Court-martial is governed by military law and meant to prosecute military personnel if they are found to have committed an offense contrary to military law while in army. In fact, court-martial is a different justice system. Court-martial is governed by a uniform code of justice system that lists criminal offenses under military law. In the Gambia, there is an Armed Forces Act that established the code of military discipline. When military personnel commit an offense while serving in the army, they are subjected to a court-martial which is usually decided by military officers.
On the other hand, a civilian trial is conducted using rights and laws established in the Constitution. Defendants in this case are judged by a jury of their peers or a Judge appointed to decide their faith. If a regular citizen commits a crime, they are subjected to a civilian trial. Although the two (court-martial and civilian trail) are similar in the sense that there is a defendant is being tried for an offense, criminal or otherwise, but two different justice systems are being used.
Now that the difference between Court-Martial vs. Civilian Trial has been established, let’s explore Baa Tambedou’s decision to release the Junglers who were still in custody since their arrest by the military police in 2017. Here is the reasoning behind the Justice Ministry’s release of the Junglers, according to the letter that was sent to the army: “Following the appearance and the testimony at the TRRC of Malick Jatta, Omar Jallow and Amadou Badjie, all serving members of the Gambia National Army, during the week of 22-25 July 2019, and in view of their cooperation with the commission regarding several incidents of human rights violations and abuses under the previous administration, the Attorney General recommends that the said soldiers be immediately released from custody.” Then a set of conditions followed.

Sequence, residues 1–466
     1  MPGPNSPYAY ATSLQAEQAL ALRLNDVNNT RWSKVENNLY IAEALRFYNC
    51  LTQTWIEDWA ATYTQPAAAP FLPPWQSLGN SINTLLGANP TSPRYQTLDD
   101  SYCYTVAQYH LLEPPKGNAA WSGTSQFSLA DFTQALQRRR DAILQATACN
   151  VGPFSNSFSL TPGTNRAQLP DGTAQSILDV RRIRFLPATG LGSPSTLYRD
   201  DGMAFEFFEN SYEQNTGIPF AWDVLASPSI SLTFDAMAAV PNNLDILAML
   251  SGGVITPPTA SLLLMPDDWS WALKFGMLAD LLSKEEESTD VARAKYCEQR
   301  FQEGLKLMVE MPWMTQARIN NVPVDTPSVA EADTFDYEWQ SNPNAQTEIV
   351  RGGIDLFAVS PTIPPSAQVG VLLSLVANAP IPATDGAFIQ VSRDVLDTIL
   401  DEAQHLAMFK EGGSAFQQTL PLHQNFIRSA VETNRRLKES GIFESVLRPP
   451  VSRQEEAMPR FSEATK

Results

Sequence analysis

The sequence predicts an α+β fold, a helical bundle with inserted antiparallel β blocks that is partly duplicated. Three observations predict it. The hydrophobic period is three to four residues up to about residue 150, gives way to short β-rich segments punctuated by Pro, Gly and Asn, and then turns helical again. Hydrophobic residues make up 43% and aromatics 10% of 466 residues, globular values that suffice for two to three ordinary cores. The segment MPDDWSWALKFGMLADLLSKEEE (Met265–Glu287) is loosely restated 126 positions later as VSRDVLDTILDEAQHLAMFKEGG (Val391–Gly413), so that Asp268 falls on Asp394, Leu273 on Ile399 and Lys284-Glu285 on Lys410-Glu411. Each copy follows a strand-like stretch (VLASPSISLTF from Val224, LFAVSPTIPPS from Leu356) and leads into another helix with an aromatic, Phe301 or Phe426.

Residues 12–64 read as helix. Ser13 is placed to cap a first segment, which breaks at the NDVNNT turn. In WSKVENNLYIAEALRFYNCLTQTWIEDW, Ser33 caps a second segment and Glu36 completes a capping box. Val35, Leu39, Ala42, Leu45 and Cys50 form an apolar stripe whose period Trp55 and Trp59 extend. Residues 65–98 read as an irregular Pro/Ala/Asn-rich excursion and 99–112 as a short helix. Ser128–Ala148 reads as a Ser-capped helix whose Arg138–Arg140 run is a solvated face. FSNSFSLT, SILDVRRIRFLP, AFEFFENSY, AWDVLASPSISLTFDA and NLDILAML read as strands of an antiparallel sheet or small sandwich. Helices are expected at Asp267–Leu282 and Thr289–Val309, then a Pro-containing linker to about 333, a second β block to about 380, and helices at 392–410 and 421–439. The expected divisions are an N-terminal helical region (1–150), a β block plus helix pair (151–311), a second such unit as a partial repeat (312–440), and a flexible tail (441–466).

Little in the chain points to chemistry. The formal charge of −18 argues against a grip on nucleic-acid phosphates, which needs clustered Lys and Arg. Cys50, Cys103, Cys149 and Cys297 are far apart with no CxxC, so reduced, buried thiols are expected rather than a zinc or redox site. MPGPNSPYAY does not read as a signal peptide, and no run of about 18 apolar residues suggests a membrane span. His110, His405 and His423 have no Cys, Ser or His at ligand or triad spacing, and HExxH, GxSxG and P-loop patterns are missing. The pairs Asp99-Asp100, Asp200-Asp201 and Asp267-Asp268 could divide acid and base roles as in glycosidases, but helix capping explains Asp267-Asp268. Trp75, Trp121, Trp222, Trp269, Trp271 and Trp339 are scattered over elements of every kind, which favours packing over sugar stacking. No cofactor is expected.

When these Junguler were arrested in 2017, they were still serving in the army and the arrest was effected by the military police. Since the offenses they committed were done while in uniform, it would be reasonable to assume that their prosecution would be handled through court-martial, right? If so, can Baa Tambadou as the Justice Minister override that? If an army officer is arrested because they have an offense contrary to military law while in the army, should the Minister of Justice be deciding their faith? Should these killers be released just because they told the commission who they killed, when they killed them and how? And if the argument is that these Jungler were held by the army without being charged, should that not be handled through the court-martial process and not a letter from the Ministry of Justice? I am just asking the questions.
Now, even in the event that Baa Tambadou as Justice Minister is able to override all the legal systems in the Gambia, including court-martial, he should not be releasing the Junglers in such a way. He should have sat down with the victim families and have a conversation with them and have their buy in, rather than doing it in such a unilateral manner. This is an abnormal situation and needs to be handled with absolute care and a high degree of empathy. The TRRC is here to seek the truth and make recommendations, but the truth has been elusive in many instances. Regardless of what the TRRC recommend, victims still have the right to seek justice as they see fit, and Baa Tambadou and his ministry cannot stop that. As Baa Tambadou himself has said, the TRRC is not a court of law and handling this entire delicate issue of reconciliation needs to be done with absolute care and caution.